Using social media to build your network and reputation is an investment in yourself. The time you dedicate will pay off when you want to sell your product or service - whether it’s a book, a necklace or a coaching program. Use social media to educate yourself and stay on the cutting edge of your field. In today’s market, trust and attention are valuable commodities that you can only develop by being well-informed, authentic and providing useful, accessible content.

 

 

Building a multidisciplinary engineering program for scale

...you need to systematize the curriculum and delivery.

Here's a day of Challenge Lab training led by Ken Singer at UC Berkeley, to get a set of potential instructors for 2018 on the same page.

 

This was a really fun day! Got to connect with my fellow European Innovation Academy mentors Tommaso Di Bartolo, Mike Kyriacou & Stephen D. Torres, among other new friends & colleagues.

A delegation from Finland was also there, because this multidisciplinary Sutardja Center for Entrepreneurship and Technology class in the engineering school is being built for scale. Really cool to see it happening and take part. 

Judging at the Berkeley Method of Entrepreneurship Summer 2017

It was so much fun to mentor & judge the tech startups at Berkeley Method of Entrepreneurship (BMOE) at the Sutardja Center for Entrepreneurship & Technology. 120 global participants gathered at UC Berkeley for a one week immersive experience into entrepreneurship, team-building, mentorship, and more.

Here's the team I & my fellow judge chose as the winner of our 40-person cohort: BrainyT, an AI-for-manufacturing going to market in Brazil.

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I also ran into familiar faces from last month's extreme accelerator in Europe, the European Innovation Academy #eia2017italy: participant & UCB student Bailey Farren, and fellow EIA chief mentors UCB faculty Stephen Torres and Pamela Day, who also was a judge at BMOE!

Looking forward to Harika Kalluri's upcoming interview with me and Pamela for the Berkeley Point Of View. We yakked Harika's ear off about tech investing, product building, and the empowering spirit of entrepreneurship.

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A few snaps from some of the seven venture pitches my fellow judge Kal Deutsch (managing partner and founding investor of The Batchery, a Bay Area-based global incubator for seed stage startups) and I judged.

Good job to these teams from Berkeley, Denmark, Brazil & Hong Kong:

  • BrainyT, the AI for small manufacturers
  • SoWa the wireless professional speakers
  • A Slice of Reality interactive media system
  • the ed-tech play for lesson plans Athena
  • CoffeeX, a connected coffee kiosk
  • Candle Sense electric candle for memory boosting
  • LedoAds, the marketplace for space ads

Thanks to UCBerkeley's entrepreneurship faculty Gigi Wang, the director of BMOE, for including me in her awesome program!

Photo: Gigi Wang

Photo: Gigi Wang

Congrats to BrainyT for making it into the top 3 startups at BMOE Summer 2017!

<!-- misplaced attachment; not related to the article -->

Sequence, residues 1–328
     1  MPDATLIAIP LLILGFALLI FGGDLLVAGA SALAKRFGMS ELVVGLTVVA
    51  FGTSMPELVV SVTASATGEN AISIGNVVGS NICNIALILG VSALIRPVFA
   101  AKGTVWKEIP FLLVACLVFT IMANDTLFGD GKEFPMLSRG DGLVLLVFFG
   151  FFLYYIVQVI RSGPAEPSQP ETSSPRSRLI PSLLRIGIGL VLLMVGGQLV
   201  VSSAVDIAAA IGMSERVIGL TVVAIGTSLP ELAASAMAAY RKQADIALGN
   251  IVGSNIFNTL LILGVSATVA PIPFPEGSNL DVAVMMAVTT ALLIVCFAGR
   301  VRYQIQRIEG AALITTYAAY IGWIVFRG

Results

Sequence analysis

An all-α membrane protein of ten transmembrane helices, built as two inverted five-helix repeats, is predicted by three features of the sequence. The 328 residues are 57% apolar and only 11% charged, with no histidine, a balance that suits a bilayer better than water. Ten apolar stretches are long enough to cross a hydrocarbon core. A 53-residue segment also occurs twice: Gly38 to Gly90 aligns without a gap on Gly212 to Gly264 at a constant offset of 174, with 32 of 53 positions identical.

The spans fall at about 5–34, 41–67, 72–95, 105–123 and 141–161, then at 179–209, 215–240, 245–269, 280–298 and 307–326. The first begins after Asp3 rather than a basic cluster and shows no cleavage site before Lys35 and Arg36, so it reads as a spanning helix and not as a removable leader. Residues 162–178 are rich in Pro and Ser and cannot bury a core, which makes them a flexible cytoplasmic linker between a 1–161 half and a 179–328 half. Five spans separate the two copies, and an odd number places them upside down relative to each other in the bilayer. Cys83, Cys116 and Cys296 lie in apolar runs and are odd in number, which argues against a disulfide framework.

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Thanks to Harika Kalluri for the interview! You can read it at the Sutardja Center site here.

Considering the Arab Innovation Academy in Doha, Qatar

I'm considering joining the Arab Innovation Academy (AIA). It's patterned on the European Innovation Academy, this new extreme accelerator for the Arab world is run by Maher Hakim, the managing director of the Qatar Science & Technology Park. I had the pleasure of working directly with Maher when he was the Chief of Chief Mentors at the European Innovation Academy in Nice in 2016! The AIA program will be delivered for the first time in Doha, Qatar in January 2018 

The Berkeley Method Bootcamp: Mentor & Pitch Judge

This was one of the startups I judged at The Berkeley Method Bootcamp, Fall 2016, UC Berkeley's Sutardja Center for Entrepreneurship & Technology -- and the team our room sent to the finals.

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Featured in a video interview for BMOE, talking about the issues of early stage startups.

Featured in a video interview for BMOE, talking about the issues of early stage startups.

Takeaways from the European Innovation Academy

Enjoyed working with these fine fellow mentors, and the students and administration of EIA! 

Click through to read Nine takeaways from keynotes at the European Innovation Academy in Nice, France this summer. All the presentations are linked there too.

Thanks to Dany Augustinho, an innovation specialist at Amadeus IT Group, for including mine! 

 

Dany writes, "90% of startups fail. Every entrepreneur should bear this in mind. So, if you’ve been playing around with our APIs, and considering launching a startup in the near future, it is time to learn from the experts!

"For the third year in a row, Amadeus has sponsored the European Innovation Academy, a summer school that teaches students from the world’s most prestigious universities – and some selected Amadeus employees – how to innovate and launch a startup. Three weeks is all that it takes for them to find the right idea, draft a business model, prototype their product and learn how to fund their project."

 Here's my keynote, which used Product Hunt as an example: "How Meaningful Community Can Grow Your Revenue"

A few slides...click through to Slideshare to view the full presentation.

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And what a surprise appearance in the keynote of another mentor in the program, Gigi Wang's "Know Your Customer: Customer Persona & Customer Validation"!